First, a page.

29. The package unit of claim 28, further comprising: a lid removably attached to the containment body, the lid extending across the passage.

30. The package unit of claim 29, wherein the face masks are sealed within the containment body by the lid.

31. The package unit of claim 30, wherein the containment body and the lid are adapted to maintain a sterility of the face masks.

32. The package unit of claim 29, wherein the flexible containment body is substantially translucent, and an exterior of the lid includes written indicia.

33. The package unit of claim 29, wherein the lid is a flexible film.

Description:

CROSS-REFERENCE TO RELATED APPLICATIONS

This application claims priority under 35 U.S.C. §119(e)(1) to U.S. Provisional Patent Application Ser. No. 60/719,298, filed Sep. 21, 2005, and entitled “Face Mask Dispensing System,” the entire teachings of which are incorporated herein by reference.

BACKGROUND OF THE INVENTION

Disposable face masks are widely used in the medical field. Healthcare personnel and patients alike benefit from the protection afforded by face masks. As such, face masks are commonly worn by healthcare personnel as well as patients in connection with a multitude of procedures ranging from surgery to non-surgical examinations.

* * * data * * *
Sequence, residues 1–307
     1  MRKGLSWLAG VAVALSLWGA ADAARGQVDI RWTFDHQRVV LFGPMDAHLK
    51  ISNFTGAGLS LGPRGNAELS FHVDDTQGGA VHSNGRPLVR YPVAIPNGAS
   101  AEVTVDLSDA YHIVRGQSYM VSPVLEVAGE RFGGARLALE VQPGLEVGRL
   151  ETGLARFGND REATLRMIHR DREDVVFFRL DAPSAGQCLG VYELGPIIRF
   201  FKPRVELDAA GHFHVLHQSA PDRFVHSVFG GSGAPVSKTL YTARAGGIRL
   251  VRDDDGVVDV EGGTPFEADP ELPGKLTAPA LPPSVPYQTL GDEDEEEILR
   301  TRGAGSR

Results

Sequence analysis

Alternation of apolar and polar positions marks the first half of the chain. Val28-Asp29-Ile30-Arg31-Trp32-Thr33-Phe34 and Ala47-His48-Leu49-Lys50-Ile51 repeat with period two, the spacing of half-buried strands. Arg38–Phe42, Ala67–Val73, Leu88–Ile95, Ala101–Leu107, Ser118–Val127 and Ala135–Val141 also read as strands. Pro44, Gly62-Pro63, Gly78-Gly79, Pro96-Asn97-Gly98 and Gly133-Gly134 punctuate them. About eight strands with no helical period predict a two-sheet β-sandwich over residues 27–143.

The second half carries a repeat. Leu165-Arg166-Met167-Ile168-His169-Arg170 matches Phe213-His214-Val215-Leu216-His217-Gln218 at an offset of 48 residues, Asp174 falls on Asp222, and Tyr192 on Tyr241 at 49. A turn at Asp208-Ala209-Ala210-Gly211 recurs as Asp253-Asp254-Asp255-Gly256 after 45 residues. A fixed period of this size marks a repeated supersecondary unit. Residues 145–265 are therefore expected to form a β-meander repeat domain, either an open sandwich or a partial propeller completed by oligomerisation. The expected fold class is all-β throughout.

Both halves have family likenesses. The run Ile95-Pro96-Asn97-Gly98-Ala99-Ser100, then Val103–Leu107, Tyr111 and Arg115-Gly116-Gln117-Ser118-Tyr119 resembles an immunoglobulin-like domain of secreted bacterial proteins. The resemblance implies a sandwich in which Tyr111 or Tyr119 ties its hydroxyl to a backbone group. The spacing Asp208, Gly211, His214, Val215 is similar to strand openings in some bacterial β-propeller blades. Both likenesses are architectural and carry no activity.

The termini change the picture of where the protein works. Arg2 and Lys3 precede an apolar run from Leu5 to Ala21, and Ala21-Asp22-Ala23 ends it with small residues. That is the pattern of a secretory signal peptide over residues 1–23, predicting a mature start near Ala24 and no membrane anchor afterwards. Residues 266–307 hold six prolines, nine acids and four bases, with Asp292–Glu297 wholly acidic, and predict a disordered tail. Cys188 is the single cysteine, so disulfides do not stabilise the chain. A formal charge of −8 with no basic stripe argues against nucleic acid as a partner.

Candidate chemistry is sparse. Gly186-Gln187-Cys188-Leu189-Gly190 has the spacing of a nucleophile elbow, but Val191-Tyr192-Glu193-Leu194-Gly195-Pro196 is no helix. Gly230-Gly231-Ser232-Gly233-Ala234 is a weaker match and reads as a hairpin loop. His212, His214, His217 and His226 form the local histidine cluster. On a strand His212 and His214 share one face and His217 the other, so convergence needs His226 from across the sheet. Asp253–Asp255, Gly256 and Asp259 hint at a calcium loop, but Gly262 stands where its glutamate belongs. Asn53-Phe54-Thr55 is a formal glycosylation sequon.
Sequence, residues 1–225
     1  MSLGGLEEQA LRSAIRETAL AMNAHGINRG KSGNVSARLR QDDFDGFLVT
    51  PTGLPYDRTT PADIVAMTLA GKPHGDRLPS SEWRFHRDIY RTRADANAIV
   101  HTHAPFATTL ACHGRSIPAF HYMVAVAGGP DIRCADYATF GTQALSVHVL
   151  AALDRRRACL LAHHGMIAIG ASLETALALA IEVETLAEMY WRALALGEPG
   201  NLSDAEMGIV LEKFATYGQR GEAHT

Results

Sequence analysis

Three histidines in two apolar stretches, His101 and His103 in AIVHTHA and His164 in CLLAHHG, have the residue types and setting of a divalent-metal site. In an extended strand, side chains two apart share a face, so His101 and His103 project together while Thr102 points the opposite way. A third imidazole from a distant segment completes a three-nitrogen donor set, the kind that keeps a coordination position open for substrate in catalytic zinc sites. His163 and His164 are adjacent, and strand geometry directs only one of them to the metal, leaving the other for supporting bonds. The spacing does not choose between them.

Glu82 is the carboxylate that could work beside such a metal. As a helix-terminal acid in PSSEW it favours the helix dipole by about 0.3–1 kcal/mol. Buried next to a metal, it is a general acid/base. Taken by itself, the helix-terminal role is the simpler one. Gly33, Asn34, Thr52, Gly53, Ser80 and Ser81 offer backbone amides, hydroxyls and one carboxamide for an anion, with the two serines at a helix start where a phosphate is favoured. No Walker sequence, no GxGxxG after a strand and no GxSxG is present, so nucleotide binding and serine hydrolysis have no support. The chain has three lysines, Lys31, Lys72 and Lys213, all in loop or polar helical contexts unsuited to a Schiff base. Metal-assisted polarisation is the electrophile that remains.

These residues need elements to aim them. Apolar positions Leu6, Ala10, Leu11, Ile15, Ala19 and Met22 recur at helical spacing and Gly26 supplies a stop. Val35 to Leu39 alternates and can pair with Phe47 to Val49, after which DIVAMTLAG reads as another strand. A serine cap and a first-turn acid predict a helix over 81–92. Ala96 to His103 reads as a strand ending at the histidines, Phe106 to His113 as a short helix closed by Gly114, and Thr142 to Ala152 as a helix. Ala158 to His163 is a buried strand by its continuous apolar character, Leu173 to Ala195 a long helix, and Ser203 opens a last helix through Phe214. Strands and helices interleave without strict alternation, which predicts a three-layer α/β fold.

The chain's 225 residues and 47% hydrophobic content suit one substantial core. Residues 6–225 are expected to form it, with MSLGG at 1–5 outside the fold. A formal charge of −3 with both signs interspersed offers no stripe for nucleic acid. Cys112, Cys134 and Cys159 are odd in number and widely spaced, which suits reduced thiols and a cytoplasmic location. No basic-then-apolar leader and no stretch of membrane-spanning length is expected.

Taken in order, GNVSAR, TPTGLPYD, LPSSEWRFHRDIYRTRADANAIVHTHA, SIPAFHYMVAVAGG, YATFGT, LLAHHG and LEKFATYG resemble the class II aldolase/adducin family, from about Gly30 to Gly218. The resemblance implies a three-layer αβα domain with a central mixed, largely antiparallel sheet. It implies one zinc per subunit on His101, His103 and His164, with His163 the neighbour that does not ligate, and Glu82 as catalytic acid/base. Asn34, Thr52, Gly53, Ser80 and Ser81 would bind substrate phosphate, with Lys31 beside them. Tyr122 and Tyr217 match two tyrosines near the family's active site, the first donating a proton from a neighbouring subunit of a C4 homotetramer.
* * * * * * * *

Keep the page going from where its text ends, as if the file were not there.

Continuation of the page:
In light of the above, substantial efforts have been made to improve upon face mask material(s) as well as overall construction or structure. As a result, a plethora of differently-configured face masks are currently available, many of which are specifically designed to address requirement(s) of a particular procedure and/or user. For example, depending upon the malady or maladies afflicting a particular patient (e.g., immune system deficiencies, highly communicable virus, etc.), the best suited face mask is characterized by more rigorous filtering of airborne contaminants as compared to acceptable face mask material(s) for less demanding situations. Other performance characteristics commonly addressed by different face mask designs include breathability and heat protection to name but two Similarly, a particular user may desire a face mask having a size and/or shape differing from other available face masks (e.g., smaller-sized face masks are more appropriate for small patients, such as children, whereas larger-sized face masks are generally preferred by adult users).